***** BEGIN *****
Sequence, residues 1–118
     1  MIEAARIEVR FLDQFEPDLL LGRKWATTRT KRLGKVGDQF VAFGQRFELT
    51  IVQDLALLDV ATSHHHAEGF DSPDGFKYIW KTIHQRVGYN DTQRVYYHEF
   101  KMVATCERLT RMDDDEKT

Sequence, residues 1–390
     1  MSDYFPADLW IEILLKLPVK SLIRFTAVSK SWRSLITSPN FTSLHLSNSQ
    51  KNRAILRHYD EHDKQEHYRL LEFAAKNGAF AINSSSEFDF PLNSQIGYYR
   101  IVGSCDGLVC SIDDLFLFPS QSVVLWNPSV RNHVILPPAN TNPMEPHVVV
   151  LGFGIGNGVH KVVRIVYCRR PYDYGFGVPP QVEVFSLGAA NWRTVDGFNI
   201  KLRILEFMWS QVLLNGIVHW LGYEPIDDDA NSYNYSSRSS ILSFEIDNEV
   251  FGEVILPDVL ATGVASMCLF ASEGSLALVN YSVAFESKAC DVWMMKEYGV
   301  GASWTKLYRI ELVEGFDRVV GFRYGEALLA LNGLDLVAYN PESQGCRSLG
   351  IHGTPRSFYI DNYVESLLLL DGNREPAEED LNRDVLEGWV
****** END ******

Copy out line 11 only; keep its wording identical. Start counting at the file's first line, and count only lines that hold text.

   251  FGEVILPDVL ATGVASMCLF ASEGSLALVN YSVAFESKAC DVWMMKEYGV